Green Gridirons: Penn State University

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A football stadium may have green grass but does it have green habits? Each week, Great Lakes Echo highlights a Big Ten football stadium’s attempts to do the most to impact the environment the least.

All schools have information on the stadium’s diversion rate – the amount of waste recycled instead of put in a landfill.

Photo: Justin Anderson.

Photo: Justin Anderson.

Beaver Stadium

School: Penn State University

Built: 1960

Capacity: 106,572

2009 diversion rate: 48.6 percent

Scouting report: Penn State has been recycling at Beaver Stadium for almost 16 years, but a recent initiative to promote recycling helped the university more than triple its recycling average.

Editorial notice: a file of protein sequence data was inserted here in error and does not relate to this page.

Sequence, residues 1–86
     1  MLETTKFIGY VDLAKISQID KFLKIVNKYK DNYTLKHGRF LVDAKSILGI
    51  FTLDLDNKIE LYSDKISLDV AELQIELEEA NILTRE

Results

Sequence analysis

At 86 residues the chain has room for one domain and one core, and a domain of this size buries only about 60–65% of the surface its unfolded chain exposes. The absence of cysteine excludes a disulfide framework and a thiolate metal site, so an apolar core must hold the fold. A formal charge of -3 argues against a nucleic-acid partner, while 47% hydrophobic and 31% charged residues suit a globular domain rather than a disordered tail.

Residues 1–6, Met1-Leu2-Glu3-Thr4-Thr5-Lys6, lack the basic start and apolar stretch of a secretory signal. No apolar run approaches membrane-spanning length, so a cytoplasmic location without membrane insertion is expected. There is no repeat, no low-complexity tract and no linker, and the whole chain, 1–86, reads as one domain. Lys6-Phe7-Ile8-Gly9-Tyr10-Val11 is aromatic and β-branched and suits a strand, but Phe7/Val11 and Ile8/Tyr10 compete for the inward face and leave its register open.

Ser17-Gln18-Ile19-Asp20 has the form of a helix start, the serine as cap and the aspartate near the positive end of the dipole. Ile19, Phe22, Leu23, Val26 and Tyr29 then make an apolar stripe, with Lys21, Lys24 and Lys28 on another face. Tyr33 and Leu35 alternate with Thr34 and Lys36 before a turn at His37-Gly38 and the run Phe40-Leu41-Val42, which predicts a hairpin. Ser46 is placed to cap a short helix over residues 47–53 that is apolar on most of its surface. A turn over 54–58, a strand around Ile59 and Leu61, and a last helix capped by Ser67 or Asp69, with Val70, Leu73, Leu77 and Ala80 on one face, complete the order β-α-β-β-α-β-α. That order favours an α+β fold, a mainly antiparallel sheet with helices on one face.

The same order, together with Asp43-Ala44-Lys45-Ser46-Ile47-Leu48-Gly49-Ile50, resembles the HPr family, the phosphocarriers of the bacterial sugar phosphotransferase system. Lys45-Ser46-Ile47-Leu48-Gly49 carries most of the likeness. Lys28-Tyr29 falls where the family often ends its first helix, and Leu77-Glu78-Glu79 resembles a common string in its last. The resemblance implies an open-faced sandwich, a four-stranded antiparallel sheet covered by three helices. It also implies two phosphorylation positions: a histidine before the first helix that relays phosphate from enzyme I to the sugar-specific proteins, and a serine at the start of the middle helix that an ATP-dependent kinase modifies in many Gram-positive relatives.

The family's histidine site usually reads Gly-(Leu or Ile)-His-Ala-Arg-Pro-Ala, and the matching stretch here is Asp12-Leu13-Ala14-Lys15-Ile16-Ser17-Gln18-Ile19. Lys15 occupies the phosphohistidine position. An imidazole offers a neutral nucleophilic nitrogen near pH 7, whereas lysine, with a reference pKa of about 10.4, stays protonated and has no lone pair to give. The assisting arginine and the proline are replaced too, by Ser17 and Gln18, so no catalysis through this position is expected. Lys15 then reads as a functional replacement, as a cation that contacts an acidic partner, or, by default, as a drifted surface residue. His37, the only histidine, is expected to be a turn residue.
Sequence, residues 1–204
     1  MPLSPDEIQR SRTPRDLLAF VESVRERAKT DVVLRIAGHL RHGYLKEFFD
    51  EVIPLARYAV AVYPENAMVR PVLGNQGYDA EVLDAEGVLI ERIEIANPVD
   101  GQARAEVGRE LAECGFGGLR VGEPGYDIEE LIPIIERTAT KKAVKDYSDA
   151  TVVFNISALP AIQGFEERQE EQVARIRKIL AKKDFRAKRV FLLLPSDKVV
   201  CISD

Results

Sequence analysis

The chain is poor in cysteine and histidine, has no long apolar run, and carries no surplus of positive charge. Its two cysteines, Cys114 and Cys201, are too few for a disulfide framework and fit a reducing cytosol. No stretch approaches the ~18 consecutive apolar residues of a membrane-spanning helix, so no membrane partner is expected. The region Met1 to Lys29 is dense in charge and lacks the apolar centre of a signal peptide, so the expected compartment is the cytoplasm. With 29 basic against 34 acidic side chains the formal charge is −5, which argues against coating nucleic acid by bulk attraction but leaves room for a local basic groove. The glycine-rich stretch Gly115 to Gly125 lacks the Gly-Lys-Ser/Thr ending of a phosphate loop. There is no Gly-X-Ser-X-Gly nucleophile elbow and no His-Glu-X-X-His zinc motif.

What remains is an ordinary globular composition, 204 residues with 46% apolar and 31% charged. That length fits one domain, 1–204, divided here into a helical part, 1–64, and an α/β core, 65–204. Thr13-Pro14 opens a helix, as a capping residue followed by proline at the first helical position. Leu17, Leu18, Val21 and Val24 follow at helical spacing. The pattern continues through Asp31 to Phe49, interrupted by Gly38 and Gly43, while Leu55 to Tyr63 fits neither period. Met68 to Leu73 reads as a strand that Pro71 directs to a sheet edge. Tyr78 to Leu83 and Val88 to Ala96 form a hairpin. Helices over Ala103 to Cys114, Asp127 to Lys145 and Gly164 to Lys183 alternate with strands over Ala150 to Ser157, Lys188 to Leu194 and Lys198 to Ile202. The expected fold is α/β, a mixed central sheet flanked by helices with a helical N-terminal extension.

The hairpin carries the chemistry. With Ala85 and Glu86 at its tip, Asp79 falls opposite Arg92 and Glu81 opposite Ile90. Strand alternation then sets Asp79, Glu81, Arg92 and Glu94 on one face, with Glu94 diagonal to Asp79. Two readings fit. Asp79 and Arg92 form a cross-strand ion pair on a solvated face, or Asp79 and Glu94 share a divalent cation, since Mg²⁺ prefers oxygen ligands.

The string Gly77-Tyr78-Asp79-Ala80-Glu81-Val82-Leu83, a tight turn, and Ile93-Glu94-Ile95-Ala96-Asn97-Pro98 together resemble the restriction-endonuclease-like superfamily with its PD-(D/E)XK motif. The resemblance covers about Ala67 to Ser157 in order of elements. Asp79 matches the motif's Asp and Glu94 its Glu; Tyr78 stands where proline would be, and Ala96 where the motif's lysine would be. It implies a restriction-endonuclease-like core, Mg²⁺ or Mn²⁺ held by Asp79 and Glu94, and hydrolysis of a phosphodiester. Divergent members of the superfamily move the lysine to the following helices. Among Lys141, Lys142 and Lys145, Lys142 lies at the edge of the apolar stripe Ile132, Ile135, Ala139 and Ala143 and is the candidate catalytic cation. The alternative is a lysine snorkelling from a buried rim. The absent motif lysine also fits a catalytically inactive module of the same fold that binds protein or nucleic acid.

Since 2008, Penn State has diverted more than 100 tons of trash from landfills from Beaver Stadium, university officials said.

“With the landfill something like 100 plus miles away, it’s important for several reasons to recycle,” said Paul Ruskin, communications director at Penn State’s office of Physical Plant. “We’ve saved a lot of petroleum by not sending material to the landfill.”

At home games, students known as STATER’s — Students Taking Action to Encourage Recycling — hand out plastic bags for recycling.

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